Columbia Undergraduate Math Society

Fall 2014« Spring 2015 Lectures »Summer 2016

Wednesdays, 7:30pm; Room 507, Mathematics
ums [at]
Date Speaker Title Abstract
Feb 4 Qixiao Ma Analytic theory of
abelian varieties
Feb 11 Mitchell Faulk The modern formulation
of TQFTs
I'll try to motivate and introduce the modern formulation of a topological quantum field theory (TQFT), inspired by Segal's and Atiyah's original axioms, as a symmetric monoidal functor from a certain bordism category to the category of vector spaces. For motivation, I'll look at classical field theories in physics, and explain how a topological quantum field theory can be viewed as a ``quantization'' of a certain classical model, called the non-linear sigma model. If time permits, I'll discuss examples of TQFTs and their applications to other areas.
Feb 18 Joshua Seaton Extrapolating factorials:
the Gamma function,
classical and p-adic
Graph the points \((n, n!)\) in the plane for positive integers \(n\); there are a continuum of curves that go through these points. So why does the Gamma function -- among the infinitely-many other candidates -- deserve to be regarded as the 'factorial function'? The Bohr-Mollerup-Artin Theorem tells us why, which reveals that a function satisfying a couple of mild 'factorial'-like properties necessarily has to be the Gamma function. We first go through this brief, neat result. Then, in the second part of this talk, we look at the p-adic side of things (we will introduce p-adic numbers gently here, I promise.) In the ring of p-adic integers, the usual integers are dense. So -- in high contrast to the setting over the real numbers -- an integer-valued function on the integers (if p-adically continuous) will lift uniquely to a function on the p-adic integers! After some minor tweaking to the function that maps \(n\) to \(n!\), we will take a brief look at its (unique) p-adic extension, the p-adic Gamma function.
Feb 25 Linus Hamann A journey through
elliptic curves
In this talk, we will begin with a classical overview of the definition of an elliptic curve and associated properties. Afterwords, we will introduce some of the tools and terminology used in the algebraic geometry of smooth curves, including the Picard group, differentials, and Riemann-Roch. The remainder of the talk will be dedicated to using this new terminology to illuminate various features of the classical view of elliptic curves and thereby give insight into their importance.
March 4 Irit Huq-Kuruvilla The combinatorial
In this talk I will state and prove the Combinatorial Nullstellensatz and illustrate the power of the theorem by using it to give short, beautiful solutions to many problems. The results we will prove include the Cauchy-Davenport theorem, a fundamental result in additive number theory, and a result about hyperplane arrangements that was the 6th problem at the 2007 International Mathematical Olympiad. This talk presumes little technical knowledge, and should be accessible to general audiences.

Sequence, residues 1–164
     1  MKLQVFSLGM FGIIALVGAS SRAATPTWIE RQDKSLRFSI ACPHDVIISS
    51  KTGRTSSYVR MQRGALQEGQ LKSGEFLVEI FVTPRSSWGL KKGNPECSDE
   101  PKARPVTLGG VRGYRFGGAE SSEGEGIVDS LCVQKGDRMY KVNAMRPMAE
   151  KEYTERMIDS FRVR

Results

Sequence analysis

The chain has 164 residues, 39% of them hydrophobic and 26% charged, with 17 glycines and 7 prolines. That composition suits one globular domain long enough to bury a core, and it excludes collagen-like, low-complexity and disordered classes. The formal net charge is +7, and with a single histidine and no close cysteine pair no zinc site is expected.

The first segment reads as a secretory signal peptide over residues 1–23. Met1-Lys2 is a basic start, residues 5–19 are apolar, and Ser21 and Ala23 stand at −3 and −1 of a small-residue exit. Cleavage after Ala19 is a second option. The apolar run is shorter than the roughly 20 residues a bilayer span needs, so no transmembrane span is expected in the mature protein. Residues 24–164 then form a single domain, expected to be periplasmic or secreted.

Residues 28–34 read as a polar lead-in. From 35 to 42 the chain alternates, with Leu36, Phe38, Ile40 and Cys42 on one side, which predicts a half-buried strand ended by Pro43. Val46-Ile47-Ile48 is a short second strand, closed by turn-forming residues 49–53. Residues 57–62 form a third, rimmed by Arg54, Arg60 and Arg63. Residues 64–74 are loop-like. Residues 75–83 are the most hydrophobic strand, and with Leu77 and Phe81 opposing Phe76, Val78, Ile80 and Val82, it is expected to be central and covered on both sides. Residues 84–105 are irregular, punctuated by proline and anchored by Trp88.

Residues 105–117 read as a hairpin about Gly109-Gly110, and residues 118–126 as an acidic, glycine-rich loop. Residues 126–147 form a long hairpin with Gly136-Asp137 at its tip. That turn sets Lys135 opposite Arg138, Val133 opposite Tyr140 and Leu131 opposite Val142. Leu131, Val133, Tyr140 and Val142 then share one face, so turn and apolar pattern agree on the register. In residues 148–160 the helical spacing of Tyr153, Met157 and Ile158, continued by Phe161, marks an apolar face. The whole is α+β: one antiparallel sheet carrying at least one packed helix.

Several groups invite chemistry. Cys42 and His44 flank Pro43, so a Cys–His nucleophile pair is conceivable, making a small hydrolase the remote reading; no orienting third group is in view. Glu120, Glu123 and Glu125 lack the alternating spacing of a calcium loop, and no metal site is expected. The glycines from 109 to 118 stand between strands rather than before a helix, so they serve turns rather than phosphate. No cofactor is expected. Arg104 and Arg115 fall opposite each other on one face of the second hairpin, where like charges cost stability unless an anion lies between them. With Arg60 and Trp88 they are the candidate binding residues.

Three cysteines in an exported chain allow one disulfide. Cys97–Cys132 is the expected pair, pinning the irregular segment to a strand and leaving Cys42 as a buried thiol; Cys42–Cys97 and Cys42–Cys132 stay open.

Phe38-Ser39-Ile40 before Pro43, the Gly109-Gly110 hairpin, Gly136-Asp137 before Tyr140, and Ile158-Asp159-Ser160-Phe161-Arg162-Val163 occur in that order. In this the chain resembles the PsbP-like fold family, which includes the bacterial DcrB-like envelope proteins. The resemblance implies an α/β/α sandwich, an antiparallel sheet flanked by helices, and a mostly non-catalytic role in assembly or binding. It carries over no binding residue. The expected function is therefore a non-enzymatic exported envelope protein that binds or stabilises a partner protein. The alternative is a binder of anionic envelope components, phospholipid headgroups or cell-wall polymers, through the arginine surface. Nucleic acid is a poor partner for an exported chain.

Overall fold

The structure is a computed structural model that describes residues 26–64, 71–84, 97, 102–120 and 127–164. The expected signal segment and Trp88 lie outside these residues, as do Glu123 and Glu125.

March 11 Karsten Gimre PDEs and
general relativity
I will describe some advances made in hyperbolic partial differential equations in the last thirty years, with an eye towards application in the dynamics of Einstein's field equations, in particular gravitational wave detection and formation of black holes. It will not be assumed that the audience is familiar with either hyperbolic PDE or relativity.
March 18 Spring break
March 25 Sander Mack-Crane Moonshine Moonshine is a sporadic collection of mysterious connections between the algebraic world of finite groups and the number-theoretic world of modular functions. We will first introduce these worlds and discuss their independent interest. Then we will examine the moonshine that connects them, starting with its discovery and building up to some recent directions in the theory.
April 1 Willie Dong Regularity of the Linearized
Navier-Stokes Equations
In this talk, we will state the linearized Navier-Stokes equations, prove the existence and uniqueness of weak solutions, and use Lebesgue elliptic estimates to derive regularity results; we will introduce tools from classical functional analysis (i.e. segment property, function spaces, weak convergence) along the way.
April 8 Robbie Lyman Geometric Group Theory
April 15 Matei Ionita
Nilay Kumar
and Beilinson-Bernstein
We review the basics of the representation theory of complex semisimple Lie algebras via the theory of highest weights. We make contact with algebraic/complex geometry through the theorem of Borel-Weil-Bott, which we then generalize to Beilinson-Bernstein localization via \(D\)-modules. Familiarity with vector bundles and/or sheaves is recommended.
April 22 Leonardo Abbrescia The Steamiest Equation
in Mathematics
The heat equation is the primary model for all parabolic equations. Thus, in order to understand interesting geometrical problems such as mean curvature flow and Ricci flow, which are modeled by parabolic equations, we must make understanding the heat equation a priority. In this talk I will present to you one way to (heuristically) recover the heat equation, prove in detail that this is indeed the solution, and prove the Weierstrass approximation theorem as an application. In terms of prerequisites, one should be familiar with calculus at the level presented in Honors Math.
April 29 Xiangwen Zhang Convex geometry
and PDEs
I will start from basic facts about the geometry of convex surfaces and then introduce some important problems, which are both interesting in geometry and PDE.
designed by Nilay Kumar